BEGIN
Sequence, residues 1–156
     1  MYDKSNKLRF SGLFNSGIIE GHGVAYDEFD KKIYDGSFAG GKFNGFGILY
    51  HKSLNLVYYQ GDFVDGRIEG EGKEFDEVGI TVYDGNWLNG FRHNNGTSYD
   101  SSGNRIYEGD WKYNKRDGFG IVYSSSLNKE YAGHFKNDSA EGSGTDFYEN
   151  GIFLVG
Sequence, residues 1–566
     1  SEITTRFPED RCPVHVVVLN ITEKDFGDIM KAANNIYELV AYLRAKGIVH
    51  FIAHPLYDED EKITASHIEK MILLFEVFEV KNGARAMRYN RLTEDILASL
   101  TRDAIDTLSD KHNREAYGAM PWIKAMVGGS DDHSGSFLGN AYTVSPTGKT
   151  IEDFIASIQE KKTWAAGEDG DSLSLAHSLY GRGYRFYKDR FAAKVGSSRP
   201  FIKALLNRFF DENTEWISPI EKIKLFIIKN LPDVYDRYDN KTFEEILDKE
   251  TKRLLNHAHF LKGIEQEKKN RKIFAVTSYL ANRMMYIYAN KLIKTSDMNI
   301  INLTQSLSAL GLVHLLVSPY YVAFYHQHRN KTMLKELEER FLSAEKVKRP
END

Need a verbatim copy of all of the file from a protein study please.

Sequence, residues 1–156
     1  MYDKSNKLRF SGLFNSGIIE GHGVAYDEFD KKIYDGSFAG GKFNGFGILY
    51  HKSLNLVYYQ GDFVDGRIEG EGKEFDEVGI TVYDGNWLNG FRHNNGTSYD
   101  SSGNRIYEGD WKYNKRDGFG IVYSSSLNKE YAGHFKNDSA EGSGTDFYEN
   151  GIFLVG
Sequence, residues 1–566
     1  SEITTRFPED RCPVHVVVLN ITEKDFGDIM KAANNIYELV AYLRAKGIVH
    51  FIAHPLYDED EKITASHIEK MILLFEVFEV KNGARAMRYN RLTEDILASL
   101  TRDAIDTLSD KHNREAYGAM PWIKAMVGGS DDHSGSFLGN AYTVSPTGKT
   151  IEDFIASIQE KKTWAAGEDG DSLSLAHSLY GRGYRFYKDR FAAKVGSSRP
   201  FIKALLNRFF DENTEWISPI EKIKLFIIKN LPDVYDRYDN KTFEEILDKE
   251  TKRLLNHAHF LKGIEQEKKN RKIFAVTSYL ANRMMYIYAN KLIKTSDMNI
   301  INLTQSLSAL GLVHLLVSPY YVAFYHQHRN KTMLKELEER FLSAEKVKRP